Psychomotor Impairment Detection via Finger Interactions with a Computer Keyboard During Natural Typing
Author(s)Giancardo, Luca; Sanchez Ferro, Alvaro; Butterworth, Ian Richard; Sanchez Mendoza, Carlos; Hooker, Jacob M.
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Modern digital devices and appliances are capable of monitoring the timing of button presses, or finger interactions in general, with a sub-millisecond accuracy. However, the massive amount of high resolution temporal information that these devices could collect is currently being discarded. Multiple studies have shown that the act of pressing a button triggers well defined brain areas which are known to be affected by motor-compromised conditions. In this study, we demonstrate that the daily interaction with a computer keyboard can be employed as means to observe and potentially quantify psychomotor impairment. We induced a psychomotor impairment via a sleep inertia paradigm in 14 healthy subjects, which is detected by our classifier with an Area Under the ROC Curve (AUC) of 0.93/0.91. The detection relies on novel features derived from key-hold times acquired on standard computer keyboards during an uncontrolled typing task. These features correlate with the progression to psychomotor impairment (p < 0.001) regardless of the content and language of the text typed, and perform consistently with different keyboards. The ability to acquire longitudinal measurements of subtle motor changes from a digital device without altering its functionality may allow for early screening and follow-up of motor-compromised neurodegenerative conditions, psychological disorders or intoxication at a negligible cost in the general population.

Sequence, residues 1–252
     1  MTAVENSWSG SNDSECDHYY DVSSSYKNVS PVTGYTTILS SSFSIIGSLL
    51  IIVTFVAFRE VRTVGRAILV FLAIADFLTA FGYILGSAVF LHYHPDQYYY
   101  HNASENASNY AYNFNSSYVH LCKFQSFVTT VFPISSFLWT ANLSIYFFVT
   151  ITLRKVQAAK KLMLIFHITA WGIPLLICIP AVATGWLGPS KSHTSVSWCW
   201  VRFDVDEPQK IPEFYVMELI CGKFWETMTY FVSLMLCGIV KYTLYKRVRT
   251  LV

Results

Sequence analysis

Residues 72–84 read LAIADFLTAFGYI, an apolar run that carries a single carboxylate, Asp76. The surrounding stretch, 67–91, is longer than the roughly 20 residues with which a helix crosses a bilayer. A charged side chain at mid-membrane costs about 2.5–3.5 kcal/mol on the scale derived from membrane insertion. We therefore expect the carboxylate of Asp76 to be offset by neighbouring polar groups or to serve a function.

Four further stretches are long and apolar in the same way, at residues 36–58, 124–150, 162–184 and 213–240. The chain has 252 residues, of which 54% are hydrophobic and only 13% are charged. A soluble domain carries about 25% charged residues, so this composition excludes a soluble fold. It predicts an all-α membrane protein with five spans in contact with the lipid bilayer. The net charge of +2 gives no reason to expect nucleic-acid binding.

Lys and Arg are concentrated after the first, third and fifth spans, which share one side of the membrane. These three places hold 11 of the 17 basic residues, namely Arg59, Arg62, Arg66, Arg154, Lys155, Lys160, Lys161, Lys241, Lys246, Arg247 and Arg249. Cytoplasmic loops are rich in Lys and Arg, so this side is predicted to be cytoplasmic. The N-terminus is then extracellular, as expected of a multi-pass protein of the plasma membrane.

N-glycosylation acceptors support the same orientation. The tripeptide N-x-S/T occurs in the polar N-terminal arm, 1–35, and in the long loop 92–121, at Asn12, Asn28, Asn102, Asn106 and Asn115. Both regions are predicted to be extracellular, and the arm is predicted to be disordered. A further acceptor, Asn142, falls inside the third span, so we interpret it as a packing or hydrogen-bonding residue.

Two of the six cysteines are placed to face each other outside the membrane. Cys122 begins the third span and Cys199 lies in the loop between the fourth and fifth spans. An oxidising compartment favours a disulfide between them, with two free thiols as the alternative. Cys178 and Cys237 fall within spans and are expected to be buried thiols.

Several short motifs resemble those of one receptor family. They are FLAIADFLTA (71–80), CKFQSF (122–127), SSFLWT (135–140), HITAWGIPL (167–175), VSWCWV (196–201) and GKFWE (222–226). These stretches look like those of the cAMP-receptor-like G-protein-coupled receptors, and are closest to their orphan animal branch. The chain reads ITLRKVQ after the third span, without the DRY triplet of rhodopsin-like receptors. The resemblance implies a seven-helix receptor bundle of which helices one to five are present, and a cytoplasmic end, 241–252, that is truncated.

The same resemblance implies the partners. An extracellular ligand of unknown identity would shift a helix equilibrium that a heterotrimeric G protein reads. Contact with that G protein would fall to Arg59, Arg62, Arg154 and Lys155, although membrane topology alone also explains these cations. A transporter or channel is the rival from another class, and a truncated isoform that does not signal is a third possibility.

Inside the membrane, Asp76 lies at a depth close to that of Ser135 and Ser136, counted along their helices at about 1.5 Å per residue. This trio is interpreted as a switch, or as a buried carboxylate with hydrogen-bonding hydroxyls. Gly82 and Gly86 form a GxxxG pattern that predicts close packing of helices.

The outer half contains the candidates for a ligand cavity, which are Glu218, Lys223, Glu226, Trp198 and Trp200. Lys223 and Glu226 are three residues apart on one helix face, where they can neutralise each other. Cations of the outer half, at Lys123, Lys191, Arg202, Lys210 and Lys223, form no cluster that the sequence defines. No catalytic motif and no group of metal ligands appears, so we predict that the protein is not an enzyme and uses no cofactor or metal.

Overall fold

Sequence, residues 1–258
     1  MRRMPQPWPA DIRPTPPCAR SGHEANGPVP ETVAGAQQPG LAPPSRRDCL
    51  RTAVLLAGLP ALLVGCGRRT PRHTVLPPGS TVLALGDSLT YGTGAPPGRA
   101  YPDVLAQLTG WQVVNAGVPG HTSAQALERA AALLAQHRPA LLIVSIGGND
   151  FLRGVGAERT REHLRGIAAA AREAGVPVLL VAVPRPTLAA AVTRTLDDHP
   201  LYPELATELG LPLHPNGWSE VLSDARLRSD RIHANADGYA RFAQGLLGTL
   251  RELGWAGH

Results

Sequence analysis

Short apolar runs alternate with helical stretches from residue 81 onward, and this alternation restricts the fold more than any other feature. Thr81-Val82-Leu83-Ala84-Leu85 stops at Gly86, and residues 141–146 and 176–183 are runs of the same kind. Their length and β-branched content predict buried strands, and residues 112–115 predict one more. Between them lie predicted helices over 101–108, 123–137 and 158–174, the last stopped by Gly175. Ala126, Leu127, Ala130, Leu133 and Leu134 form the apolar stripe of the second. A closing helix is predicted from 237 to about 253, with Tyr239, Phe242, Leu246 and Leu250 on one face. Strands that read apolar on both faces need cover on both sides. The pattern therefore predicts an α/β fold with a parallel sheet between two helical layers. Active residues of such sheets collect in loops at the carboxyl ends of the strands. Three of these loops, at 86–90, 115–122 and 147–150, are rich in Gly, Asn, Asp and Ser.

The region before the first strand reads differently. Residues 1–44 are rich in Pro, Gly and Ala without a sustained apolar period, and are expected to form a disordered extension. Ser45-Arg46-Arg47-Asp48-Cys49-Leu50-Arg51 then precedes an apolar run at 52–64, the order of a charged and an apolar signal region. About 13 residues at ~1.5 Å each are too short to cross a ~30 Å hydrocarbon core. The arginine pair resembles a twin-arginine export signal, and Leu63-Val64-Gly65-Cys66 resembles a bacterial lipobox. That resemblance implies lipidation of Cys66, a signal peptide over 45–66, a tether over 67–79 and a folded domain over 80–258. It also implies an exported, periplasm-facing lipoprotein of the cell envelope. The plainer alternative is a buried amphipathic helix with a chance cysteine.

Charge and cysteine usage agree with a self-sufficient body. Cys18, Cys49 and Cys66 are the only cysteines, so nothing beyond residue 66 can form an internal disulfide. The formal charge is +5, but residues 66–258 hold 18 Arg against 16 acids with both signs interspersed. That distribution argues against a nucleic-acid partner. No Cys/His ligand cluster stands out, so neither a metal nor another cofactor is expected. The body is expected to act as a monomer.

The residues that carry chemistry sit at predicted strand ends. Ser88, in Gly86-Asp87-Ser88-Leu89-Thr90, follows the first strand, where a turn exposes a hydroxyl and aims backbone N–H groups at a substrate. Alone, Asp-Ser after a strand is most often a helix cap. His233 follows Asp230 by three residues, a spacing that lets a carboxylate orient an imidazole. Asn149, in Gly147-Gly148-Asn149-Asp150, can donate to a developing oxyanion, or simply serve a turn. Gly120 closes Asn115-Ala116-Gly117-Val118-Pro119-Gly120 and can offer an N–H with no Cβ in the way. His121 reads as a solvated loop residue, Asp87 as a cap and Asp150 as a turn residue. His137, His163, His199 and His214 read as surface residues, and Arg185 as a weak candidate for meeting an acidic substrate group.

DepartmentMassachusetts Institute of Technology. Research Laboratory of Electronics
Nature Publishing Group
Giancardo, L., A. Sanchez-Ferro, I. Butterworth, C. S. Mendoza, and J. M. Hooker. “Psychomotor Impairment Detection via Finger Interactions with a Computer Keyboard During Natural Typing.” Sci. Rep. 5 (April 16, 2015): 9678.
Final published version